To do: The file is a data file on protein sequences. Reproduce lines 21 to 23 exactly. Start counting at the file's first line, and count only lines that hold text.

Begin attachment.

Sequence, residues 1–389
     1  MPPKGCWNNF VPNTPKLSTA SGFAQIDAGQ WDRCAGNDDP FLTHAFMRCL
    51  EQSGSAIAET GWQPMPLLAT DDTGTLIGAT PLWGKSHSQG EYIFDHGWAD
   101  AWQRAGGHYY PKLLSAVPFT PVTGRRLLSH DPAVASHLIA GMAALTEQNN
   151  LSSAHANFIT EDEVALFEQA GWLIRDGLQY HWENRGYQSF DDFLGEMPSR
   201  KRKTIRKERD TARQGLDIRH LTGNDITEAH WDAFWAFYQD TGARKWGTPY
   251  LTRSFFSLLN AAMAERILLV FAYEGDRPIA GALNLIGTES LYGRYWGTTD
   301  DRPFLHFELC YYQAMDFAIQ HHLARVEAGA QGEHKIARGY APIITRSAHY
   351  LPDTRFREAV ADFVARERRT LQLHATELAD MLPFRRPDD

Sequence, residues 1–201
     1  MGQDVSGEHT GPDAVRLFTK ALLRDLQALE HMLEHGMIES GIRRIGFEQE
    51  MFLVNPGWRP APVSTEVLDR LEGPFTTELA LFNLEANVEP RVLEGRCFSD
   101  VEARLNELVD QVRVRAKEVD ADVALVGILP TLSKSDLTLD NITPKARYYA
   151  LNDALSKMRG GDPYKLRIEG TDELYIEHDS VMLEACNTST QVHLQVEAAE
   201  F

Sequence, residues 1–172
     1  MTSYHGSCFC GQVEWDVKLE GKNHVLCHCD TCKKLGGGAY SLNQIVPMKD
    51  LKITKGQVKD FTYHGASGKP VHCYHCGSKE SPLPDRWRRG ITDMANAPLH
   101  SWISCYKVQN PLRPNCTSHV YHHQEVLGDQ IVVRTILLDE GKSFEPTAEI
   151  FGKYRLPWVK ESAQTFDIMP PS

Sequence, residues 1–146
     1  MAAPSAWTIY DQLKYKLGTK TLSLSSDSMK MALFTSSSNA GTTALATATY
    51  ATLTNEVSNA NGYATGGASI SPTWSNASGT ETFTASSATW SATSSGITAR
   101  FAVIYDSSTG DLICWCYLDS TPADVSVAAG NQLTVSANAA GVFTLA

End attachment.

Sequence, residues 1–146
     1  MAAPSAWTIY DQLKYKLGTK TLSLSSDSMK MALFTSSSNA GTTALATATY
    51  ATLTNEVSNA NGYATGGASI SPTWSNASGT ETFTASSATW SATSSGITAR